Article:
How To Track Your Savings – The Saving Ninja Super Spreadsheet

I track my savings with the most powerful software in the world!!… Microsoft Excel!

Excel can do a whole lot more than most people think it can. As well as being an awesome data entry tool, you can enhance your sheet to the point of it being a fully featured form. You can even add Python and Visual Basic code to run complicated macros which calculate anything you want.

The beauty of Excel really shines when you have a lot of data, you can do tons with it! Animated pie charts, interactive graphs, anything! This is why it really shocks me when people use or even pay for external software to track their expenses and savings. With Excel, it’s fully customizable, so you really can get a tailored product. It’s pretty damn easy to do too… Sure you might spend a little bit of time Googling how to structure a certain formula, but you’ll get it in no time.

I made a mega Excel sheet especially for Saving Ninja readers. I wanted it to be as simple as possible to track your monthly savings, but also provide the most useful stats possible. I even went the extra mile and added some Visual Basic code to calculate the expected time in which you’ll reach financial independence.


The document assumes that you have a budget and you know what your annual expenses are expected to be. I have a separate Excel sheet to calculate my budget, but I’ll be writing about that in a different post. It also assumes that you know your house value (if you own a house) and your mortgage interest rate. I wanted to track my savings as effortlessly as possible, so I added formulas which use your mortgage interest rate to automatically calculate how much house equity you have paid off every month. The predicted investment growth is used to calculate your ‘Expected Time To FI’. This updates when you click the ‘calculate’ button. The Visual Basic code which runs when you click this button recursively simulates future months based on your average savings rate. It adds your predicted investment growth to your investment pots and also adds your house equity. The recursion stops when you’ve successfully got enough savings to retire on (using the 4% rule). I will increase the complexity of this in the future, and possibly add some customisability for the inputs.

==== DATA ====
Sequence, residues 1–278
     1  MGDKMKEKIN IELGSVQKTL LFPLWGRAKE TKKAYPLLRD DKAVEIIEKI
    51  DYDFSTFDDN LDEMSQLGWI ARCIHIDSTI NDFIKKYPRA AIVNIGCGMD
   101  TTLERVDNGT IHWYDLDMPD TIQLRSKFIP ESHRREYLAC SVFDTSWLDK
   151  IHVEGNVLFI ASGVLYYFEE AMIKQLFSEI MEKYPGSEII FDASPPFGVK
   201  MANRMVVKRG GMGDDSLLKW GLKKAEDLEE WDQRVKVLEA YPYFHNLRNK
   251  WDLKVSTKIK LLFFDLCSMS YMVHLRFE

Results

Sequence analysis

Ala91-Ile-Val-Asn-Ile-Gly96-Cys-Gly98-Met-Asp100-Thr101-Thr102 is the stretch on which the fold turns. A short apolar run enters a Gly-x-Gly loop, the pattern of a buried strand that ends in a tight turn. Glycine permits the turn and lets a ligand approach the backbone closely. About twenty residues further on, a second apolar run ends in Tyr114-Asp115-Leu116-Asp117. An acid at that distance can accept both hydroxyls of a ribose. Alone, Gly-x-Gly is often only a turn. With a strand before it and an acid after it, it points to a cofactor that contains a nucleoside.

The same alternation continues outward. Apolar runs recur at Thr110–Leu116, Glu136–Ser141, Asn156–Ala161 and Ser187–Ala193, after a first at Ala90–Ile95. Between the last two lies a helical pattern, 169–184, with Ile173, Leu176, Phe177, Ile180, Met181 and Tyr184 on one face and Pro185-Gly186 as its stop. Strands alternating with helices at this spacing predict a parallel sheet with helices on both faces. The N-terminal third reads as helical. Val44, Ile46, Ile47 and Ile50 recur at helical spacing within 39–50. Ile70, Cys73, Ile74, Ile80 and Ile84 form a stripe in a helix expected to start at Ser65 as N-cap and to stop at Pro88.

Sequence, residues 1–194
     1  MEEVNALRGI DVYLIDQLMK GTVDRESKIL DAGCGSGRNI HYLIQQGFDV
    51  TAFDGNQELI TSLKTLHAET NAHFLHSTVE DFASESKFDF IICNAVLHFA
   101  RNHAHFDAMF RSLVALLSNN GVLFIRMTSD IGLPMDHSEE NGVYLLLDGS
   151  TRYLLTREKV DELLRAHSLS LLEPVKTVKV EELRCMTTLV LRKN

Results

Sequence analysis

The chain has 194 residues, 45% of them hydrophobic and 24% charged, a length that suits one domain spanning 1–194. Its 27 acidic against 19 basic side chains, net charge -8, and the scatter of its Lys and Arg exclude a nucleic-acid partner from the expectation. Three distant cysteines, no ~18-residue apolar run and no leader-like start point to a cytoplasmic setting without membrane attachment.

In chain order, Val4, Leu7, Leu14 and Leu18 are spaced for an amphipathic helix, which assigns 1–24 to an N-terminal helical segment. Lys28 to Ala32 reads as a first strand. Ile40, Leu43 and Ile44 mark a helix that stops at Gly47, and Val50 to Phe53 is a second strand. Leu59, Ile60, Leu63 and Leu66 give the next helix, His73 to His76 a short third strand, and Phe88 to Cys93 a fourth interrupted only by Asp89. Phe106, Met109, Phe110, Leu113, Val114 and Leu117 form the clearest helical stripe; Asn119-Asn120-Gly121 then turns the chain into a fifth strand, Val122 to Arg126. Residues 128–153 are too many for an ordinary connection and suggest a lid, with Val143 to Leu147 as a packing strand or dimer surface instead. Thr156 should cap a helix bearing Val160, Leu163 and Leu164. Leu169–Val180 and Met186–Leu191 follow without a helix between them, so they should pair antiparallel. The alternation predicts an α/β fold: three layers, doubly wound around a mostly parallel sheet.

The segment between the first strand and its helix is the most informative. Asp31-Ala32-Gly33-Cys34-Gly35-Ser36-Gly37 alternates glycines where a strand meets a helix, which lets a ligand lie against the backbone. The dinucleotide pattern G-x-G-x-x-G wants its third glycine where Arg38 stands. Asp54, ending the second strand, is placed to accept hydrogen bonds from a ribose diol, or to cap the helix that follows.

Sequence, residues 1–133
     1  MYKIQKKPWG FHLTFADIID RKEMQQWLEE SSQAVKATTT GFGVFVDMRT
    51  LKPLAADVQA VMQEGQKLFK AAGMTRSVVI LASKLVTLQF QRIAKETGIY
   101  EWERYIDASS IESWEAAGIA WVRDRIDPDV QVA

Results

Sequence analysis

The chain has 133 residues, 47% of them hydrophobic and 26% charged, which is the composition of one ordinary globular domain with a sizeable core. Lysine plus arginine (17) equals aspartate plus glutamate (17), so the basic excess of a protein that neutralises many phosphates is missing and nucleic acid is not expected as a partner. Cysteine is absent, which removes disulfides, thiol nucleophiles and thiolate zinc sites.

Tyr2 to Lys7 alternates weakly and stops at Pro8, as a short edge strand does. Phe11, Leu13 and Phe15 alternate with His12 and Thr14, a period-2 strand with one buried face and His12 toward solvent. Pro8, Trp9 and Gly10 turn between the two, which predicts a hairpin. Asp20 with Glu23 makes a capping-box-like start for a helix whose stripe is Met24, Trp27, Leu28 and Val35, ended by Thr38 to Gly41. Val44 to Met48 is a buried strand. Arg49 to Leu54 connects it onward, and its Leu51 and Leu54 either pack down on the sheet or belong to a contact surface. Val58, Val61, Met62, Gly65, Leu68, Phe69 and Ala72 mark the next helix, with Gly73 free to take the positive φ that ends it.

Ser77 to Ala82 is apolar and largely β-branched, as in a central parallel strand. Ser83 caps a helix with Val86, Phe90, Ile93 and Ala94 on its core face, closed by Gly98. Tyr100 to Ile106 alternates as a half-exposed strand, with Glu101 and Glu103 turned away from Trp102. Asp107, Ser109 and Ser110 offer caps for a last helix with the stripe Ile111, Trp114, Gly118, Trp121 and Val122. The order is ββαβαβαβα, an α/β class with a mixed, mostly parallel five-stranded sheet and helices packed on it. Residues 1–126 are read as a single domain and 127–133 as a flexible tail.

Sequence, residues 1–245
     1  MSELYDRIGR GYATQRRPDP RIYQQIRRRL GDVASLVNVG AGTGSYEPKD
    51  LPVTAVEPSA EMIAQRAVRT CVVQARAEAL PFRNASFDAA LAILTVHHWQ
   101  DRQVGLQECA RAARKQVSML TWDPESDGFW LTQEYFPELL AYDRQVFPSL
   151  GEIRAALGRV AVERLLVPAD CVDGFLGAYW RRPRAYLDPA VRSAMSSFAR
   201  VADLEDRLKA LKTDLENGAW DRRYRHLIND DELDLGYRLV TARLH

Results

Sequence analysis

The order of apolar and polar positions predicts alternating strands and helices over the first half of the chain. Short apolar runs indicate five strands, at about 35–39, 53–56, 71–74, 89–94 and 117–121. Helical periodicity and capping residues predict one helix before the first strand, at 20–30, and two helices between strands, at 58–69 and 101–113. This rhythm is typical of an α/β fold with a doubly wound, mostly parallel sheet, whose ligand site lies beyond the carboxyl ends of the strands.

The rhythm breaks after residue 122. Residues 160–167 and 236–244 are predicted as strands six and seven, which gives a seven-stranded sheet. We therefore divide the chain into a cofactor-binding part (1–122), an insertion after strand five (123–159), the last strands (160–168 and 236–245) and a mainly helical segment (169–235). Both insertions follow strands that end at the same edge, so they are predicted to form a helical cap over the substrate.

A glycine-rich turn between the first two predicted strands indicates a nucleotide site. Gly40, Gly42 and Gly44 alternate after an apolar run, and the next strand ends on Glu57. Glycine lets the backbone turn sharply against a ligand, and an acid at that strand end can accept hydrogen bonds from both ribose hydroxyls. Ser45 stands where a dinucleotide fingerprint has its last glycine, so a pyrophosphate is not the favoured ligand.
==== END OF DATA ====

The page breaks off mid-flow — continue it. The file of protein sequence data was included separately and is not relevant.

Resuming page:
This section of the Excel document also shows lots of useful information based off your savings so far such as total pot worth, total growth and total interest earnt (in the current year).

The next section of the document is where you’ll be updating your total pots each month. It will then use these figures to calculate how much interest you’ve earned and how much your pots have grown (or decreased). All of the orange boxes are user inputs; the rest is automatic. As you can see, the house equity (other than the starting figure) is calculated automatically based on your monthly contribution.

Finally, you’re monthly contribution section. Here you’ll enter how much you’ve contributed each month. It will use these figures to calculate your savings rate and figure out how much interest you’ve earned since the previous month.

New Additions

Draw Down Calculator

A lot of people will be trying to calculate how much money they need in their ISA to last them until they reach their pension pot. For this I built the Drawdown Calculator. This is detatched from all of the other data on the Spreadsheet (other than expected annual return). You simply add your pot and your yearly drawdown and hit ‘Calculate’. It then iterates month by month, drawing down and adding interest until you finally run out of money. It will then let you know how long it lasted in the ‘Years Until Depleted’ cell.

Compound Interest Calculator

Calculate all of your compound interest until your hearts content! Input your pot, yearly deposits and months of compounding and hit the calculate button.